As many have observed, modern science has become a religion, at least for Western man. Like other religions, it has a priesthood, roughly organized on hierarchical lines. It has temples, shrines, and rituals and it has a body of canons. And. like other religions, it has its own mythology. One myth in particular states that if, say, by experiment a scientific theory is confronted in reality with a single contradiction, one piece of discontinuing evidence, then that theory is automatically set aside and a new theory that takes the contradiction into account is adopted. This is not the way science actually works.
In fact, some people have the same type of very deep faith in modern science that others do in their respective religions. This faith in science, grounded in its own dogma, leads to a defense of scientific theories far beyond the time any disconfirming evidence is unearthed. Moreover, disconfirming evidence is generally not incorporated into the body of science in an open-minded way but by an elaboration of the already existing edifice (as, for example, by adding epicycles) and generally in a way in which the resulting structure of science and its procedures excludes the possibility of putting the enterprise itself in jeopardy. In other words, modem science has made itself immune to falsification in any terms the true believer will admit into argument.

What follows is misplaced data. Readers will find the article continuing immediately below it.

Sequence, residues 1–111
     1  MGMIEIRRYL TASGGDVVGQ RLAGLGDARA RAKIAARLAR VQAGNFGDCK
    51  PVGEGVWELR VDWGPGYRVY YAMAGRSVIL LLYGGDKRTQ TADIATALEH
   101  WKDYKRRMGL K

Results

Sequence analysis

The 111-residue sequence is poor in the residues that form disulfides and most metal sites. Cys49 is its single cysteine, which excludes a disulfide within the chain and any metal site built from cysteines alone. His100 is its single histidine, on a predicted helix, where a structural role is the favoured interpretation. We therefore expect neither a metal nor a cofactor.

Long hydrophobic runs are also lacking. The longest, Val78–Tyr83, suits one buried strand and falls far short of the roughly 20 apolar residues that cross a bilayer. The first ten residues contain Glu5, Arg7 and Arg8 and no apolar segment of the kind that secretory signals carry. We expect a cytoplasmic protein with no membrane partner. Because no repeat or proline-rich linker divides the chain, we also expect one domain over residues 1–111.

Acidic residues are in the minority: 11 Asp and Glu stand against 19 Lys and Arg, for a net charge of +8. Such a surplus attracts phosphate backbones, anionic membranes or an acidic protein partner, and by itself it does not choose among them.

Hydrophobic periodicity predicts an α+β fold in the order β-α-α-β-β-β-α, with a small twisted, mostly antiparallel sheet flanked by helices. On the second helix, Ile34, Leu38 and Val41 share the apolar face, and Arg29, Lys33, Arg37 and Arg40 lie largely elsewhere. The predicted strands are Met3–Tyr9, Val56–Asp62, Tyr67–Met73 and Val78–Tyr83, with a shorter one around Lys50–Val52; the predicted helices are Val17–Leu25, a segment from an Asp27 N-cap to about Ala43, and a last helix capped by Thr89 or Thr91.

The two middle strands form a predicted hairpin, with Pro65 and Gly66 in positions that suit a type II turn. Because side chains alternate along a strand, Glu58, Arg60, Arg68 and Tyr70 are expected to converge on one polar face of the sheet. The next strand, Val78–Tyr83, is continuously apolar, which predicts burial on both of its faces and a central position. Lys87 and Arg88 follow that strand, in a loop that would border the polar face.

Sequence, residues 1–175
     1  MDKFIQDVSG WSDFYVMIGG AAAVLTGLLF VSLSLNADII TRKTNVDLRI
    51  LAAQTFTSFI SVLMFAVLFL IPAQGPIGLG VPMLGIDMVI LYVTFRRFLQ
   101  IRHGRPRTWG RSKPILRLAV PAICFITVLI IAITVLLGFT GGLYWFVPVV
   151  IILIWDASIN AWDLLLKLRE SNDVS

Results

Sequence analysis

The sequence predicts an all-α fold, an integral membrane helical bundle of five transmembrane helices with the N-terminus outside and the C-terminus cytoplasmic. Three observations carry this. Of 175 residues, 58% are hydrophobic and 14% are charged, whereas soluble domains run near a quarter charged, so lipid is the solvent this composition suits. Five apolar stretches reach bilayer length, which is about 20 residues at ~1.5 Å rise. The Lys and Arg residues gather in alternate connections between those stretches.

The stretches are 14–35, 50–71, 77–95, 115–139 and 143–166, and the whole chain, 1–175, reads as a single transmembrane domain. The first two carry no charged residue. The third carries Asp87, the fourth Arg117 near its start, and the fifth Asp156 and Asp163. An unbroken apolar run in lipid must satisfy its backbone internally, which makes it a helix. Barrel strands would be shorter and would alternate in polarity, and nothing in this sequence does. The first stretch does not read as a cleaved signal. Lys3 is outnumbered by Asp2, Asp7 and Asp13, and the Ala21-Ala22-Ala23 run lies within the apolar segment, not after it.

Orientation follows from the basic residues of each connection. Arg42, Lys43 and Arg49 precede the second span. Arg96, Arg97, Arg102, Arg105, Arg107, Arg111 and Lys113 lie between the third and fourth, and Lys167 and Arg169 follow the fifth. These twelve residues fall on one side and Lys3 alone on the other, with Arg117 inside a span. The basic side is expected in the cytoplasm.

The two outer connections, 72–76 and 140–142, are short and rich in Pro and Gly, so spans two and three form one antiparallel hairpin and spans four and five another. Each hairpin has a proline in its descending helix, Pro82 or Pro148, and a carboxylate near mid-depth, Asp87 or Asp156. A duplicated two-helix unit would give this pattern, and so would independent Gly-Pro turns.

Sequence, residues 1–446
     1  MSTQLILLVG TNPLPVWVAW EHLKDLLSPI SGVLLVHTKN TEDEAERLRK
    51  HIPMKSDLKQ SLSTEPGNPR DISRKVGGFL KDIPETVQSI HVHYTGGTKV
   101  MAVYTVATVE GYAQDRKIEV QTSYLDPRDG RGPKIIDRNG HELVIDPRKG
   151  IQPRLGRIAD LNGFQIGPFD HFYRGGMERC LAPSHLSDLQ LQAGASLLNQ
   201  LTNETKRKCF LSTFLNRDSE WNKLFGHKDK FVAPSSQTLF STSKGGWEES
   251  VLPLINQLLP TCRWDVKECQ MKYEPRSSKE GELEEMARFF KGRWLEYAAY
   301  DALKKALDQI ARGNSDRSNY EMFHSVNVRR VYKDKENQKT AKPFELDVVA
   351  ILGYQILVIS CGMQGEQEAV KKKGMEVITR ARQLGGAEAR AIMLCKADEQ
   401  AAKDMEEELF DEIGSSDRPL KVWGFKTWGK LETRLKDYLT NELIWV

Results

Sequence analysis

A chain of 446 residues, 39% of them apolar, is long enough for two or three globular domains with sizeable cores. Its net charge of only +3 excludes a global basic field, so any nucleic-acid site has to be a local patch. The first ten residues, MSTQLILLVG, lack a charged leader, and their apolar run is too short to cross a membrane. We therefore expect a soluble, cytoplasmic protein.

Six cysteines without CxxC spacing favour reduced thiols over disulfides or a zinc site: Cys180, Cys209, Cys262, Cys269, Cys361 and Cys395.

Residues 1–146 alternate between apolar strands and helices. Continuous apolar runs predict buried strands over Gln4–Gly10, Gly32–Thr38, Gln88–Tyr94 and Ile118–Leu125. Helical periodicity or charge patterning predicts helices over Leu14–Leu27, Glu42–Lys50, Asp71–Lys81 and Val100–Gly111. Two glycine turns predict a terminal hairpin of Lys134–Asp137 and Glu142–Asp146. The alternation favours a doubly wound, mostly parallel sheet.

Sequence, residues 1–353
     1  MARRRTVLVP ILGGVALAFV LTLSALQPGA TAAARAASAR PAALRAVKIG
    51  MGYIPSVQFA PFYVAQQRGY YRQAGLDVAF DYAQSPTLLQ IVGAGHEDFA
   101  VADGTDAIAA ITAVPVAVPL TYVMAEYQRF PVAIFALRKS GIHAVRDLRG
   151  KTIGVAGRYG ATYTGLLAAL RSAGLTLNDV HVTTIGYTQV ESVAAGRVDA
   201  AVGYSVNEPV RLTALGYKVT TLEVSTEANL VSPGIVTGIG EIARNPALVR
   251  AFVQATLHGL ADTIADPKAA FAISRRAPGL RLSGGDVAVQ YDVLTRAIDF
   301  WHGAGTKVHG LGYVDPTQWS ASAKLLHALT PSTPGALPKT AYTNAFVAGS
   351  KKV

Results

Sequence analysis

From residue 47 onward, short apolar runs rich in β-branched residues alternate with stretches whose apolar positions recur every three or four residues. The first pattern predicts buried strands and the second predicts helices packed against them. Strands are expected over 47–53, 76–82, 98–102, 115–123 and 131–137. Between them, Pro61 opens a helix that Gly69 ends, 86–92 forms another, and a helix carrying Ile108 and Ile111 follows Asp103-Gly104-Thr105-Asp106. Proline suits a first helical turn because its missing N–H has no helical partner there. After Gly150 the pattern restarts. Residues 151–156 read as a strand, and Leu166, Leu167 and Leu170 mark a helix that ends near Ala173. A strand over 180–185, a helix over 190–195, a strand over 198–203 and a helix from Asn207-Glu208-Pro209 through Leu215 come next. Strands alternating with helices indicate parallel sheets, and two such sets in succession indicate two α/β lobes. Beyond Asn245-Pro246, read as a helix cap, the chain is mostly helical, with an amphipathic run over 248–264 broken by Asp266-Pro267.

Perhaps modern science's most devastating effect is that it leads its believers to think it to be the only legitimate source of knowledge about the world. Being a high priest, if not a bishop, in the cathedral of modern science— my university, the Massachusetts Institute of Technology —I can testify that a great many of what we sometimes like to call "the MIT family," faculty and students, believe that there is indeed no legitimate source of knowledge about the world other than modern science. This is as mistaken a belief as the belief that one cannot gain legitimate knowledge from anything other than religion. Both are equally false.
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